Metal additive manufacturing (AM) company Holo has developed a 3D printer which can make finely detailed electrical components, jewelry, and medical and dental devices. 

PureForm MicroAM, a new machine in its PureForm range, can reportedly process copper, stainless steels and other metals and can produce parts with features less than 50μm. In one application it printed micro inductors coils built with 400µm strands, stainless steel biopsy scoops used in medical applications with sharp point features, down to 20µm and dental abutments with printed functional threads that hold a 200µm pitch.

‘Traditional manufacturing approaches, such as Swiss CNC, molding and casting are either too costly for volume production or cannot produce complex parts with such fine features.’ said Hal Zarem, CEO. ‘PureForm MicroAM enables our customers to access parts at a lower cost and produce geometries that cannot be made any other way.’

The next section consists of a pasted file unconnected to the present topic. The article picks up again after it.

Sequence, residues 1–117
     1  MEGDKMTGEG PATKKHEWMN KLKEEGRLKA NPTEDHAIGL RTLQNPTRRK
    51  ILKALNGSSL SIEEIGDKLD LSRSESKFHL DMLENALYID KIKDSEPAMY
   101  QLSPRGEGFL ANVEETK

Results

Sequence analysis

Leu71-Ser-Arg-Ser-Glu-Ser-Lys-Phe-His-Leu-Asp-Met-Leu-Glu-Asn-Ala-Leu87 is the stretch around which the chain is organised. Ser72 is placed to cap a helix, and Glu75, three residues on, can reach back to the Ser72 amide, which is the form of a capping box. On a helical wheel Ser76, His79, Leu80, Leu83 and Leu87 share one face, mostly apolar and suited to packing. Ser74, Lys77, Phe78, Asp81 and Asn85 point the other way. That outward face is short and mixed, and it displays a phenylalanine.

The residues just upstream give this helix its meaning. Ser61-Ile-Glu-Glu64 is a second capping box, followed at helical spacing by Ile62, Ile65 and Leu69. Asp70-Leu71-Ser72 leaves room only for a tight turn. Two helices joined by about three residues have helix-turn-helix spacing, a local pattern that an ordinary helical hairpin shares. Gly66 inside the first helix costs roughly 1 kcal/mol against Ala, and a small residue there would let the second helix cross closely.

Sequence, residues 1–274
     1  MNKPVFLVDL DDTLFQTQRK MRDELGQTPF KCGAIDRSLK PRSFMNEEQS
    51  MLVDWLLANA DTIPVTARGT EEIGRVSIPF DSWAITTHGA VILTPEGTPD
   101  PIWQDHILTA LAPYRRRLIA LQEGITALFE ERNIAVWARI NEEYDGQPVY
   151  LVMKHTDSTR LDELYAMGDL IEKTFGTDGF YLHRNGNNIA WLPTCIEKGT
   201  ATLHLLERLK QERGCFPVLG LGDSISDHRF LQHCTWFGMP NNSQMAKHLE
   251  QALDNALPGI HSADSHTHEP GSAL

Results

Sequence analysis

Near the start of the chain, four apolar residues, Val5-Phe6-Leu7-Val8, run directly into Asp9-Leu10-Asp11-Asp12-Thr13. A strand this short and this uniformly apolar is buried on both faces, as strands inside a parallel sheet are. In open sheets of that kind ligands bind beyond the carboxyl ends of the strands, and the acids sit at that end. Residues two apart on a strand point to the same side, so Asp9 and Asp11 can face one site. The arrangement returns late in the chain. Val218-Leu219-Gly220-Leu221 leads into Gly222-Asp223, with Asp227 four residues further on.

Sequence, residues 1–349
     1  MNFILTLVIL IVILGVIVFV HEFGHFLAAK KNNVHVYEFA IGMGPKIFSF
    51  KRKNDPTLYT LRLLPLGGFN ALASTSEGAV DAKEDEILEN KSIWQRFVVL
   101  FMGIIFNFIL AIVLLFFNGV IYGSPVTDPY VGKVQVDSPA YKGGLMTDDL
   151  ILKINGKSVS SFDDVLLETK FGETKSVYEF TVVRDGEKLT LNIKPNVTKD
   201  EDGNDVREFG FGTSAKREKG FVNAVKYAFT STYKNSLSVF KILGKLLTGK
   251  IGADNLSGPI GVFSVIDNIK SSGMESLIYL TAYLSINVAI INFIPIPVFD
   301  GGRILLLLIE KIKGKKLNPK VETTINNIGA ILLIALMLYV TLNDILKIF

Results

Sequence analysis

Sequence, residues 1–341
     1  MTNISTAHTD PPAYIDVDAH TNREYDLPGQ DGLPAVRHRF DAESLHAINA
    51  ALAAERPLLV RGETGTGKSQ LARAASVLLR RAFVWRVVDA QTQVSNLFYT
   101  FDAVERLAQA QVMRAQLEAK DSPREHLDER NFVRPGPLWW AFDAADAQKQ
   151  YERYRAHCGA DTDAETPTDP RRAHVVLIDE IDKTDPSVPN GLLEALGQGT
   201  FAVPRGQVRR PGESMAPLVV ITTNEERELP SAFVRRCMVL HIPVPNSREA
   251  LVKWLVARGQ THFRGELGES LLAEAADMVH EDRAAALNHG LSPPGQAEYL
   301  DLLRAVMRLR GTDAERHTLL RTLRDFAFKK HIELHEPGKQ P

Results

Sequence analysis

PureForm MicroAM is currently be used at Holo’s 20,000 ft2 production facility in San Francisco, where it can reportedlu produce tens of thousands of parts per month.

This story uses material from Holo, with editorial changes made by Materials Today.